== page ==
It has been recognized from antiquity that those who teach or desire to teach must have a burning desire to learn their discipline. The acquisition of knowledge is foundational for teachers irrespective of whether the learning community is literate or illiterate. A prospective teacher must first sit under the feet of a knowledgeable person, the teacher, who transmits knowledge. A teacher is the disseminator of the components of a particular body of knowledge, whether formal or informal.
The teacher is the salient pivotal figure who capacitates the effective and efficient smooth functioning of a specific community.
Before the advent of modernization, specialists gave young indigenous African people the foundation of life survival skills equipping them to function and contribute to the success of their communities. Students who “graduated” from these “schools” produced collective products in their communities that became their “certificates.”
In pristine indigenous African communities, the rustic omnicompetent teachers and the entire community inculcated Ubuntu—the quintessential human value that endows a person with dignity and honour through compassion and respect reciprocated to other human beings—in their students. This is the origin of the trite maxim: It takes the whole village to raise [teach] a child. Regrettably, individualism on the saddle of modernity gradually consigned this type of education to the archives.
The advent of modernity formalized education with prospective teachers receiving conventional education that qualifies them to teach the next generation. Formal teacher’s training expands teachable specialized disciplines that have progressively improved the quality of human life—the significant verifiable output of formal education.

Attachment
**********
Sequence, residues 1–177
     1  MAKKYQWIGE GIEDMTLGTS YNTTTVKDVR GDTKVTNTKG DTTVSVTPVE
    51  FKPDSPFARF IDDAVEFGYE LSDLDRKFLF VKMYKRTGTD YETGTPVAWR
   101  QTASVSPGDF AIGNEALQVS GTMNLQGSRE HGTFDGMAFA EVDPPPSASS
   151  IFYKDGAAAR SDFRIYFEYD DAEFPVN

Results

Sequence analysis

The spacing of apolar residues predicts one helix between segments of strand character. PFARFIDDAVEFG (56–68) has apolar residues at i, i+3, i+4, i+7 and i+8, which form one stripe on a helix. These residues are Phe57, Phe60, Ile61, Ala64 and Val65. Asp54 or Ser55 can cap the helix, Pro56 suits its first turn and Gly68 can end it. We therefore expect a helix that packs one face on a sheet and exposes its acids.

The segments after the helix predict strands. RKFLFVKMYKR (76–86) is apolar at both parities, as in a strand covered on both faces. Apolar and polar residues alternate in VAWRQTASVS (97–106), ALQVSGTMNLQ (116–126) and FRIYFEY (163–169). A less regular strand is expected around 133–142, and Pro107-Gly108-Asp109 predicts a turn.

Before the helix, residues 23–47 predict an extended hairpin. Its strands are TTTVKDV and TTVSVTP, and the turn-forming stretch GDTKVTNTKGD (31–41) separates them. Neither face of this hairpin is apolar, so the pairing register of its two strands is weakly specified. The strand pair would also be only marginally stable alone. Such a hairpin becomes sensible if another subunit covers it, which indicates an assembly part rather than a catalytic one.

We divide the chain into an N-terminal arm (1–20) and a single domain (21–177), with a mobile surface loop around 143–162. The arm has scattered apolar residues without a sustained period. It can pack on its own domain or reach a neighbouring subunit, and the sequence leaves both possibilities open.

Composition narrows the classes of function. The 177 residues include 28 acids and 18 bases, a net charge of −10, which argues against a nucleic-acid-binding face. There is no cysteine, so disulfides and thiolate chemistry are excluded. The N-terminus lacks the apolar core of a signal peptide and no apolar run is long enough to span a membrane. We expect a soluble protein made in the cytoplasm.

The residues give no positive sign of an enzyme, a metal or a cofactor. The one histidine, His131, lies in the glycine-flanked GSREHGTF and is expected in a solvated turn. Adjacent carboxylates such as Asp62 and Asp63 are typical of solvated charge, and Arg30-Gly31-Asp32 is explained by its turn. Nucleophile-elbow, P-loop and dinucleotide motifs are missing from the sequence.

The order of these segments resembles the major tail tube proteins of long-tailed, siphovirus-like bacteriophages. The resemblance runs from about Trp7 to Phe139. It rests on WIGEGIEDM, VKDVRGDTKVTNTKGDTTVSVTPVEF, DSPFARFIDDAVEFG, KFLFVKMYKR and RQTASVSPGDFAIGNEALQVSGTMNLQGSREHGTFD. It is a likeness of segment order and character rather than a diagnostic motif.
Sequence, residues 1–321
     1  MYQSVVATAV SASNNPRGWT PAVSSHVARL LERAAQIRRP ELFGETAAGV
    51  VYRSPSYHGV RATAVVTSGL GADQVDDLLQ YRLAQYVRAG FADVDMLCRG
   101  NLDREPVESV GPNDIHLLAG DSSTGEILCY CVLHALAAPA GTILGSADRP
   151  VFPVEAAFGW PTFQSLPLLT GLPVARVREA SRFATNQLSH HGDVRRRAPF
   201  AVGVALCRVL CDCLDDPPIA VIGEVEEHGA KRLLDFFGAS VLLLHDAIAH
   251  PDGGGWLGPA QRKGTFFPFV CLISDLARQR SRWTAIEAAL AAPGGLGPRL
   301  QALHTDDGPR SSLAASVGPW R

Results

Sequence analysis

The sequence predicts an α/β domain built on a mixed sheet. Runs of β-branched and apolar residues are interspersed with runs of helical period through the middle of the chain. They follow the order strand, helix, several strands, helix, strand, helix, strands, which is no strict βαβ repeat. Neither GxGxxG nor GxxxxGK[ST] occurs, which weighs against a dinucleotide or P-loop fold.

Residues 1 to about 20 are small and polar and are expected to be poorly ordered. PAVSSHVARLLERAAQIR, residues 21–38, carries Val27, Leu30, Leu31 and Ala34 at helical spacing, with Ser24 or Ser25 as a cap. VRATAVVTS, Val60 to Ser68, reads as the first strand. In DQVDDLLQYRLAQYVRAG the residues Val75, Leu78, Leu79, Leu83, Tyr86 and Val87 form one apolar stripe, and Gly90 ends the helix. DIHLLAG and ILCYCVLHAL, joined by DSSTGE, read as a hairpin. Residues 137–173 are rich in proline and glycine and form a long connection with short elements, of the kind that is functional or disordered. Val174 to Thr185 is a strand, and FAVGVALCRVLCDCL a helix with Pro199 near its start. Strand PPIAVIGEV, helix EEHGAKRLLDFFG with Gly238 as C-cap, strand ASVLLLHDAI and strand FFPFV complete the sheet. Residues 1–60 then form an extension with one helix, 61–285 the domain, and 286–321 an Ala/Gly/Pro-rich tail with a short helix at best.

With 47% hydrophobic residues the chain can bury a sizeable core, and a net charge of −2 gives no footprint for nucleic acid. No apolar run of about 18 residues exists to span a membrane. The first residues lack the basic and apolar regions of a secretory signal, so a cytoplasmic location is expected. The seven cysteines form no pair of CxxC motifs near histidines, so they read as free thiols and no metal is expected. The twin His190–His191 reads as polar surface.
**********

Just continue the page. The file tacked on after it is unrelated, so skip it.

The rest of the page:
Teachers are the backbone of this education, and their absence will result in societies receding to pre-modernity that is characterized by ignorance and savagery. Hence, cultured societies should reflect on the teachers’ contribution to the construction of a learned society.
It is precisely the reason for celebrating the World Teacher’s Day. This particular day is set apart for societies to be cognizant of the critical role played by both our formal and informal teachers, including our parents who equipped us with the fundamentals of education.
The formal pre-school, primary, secondary, and tertiary education teachers deserve our accolades today, whether we obtained a certificate, diploma, or degree. These men and women deserve honor for equipping us with measurable skills and knowledge to become productive agents in our respective societies. May we all take this opportunity to say Happy Teachers Day to our formal teachers, the unsung heroes and heroines of our lives.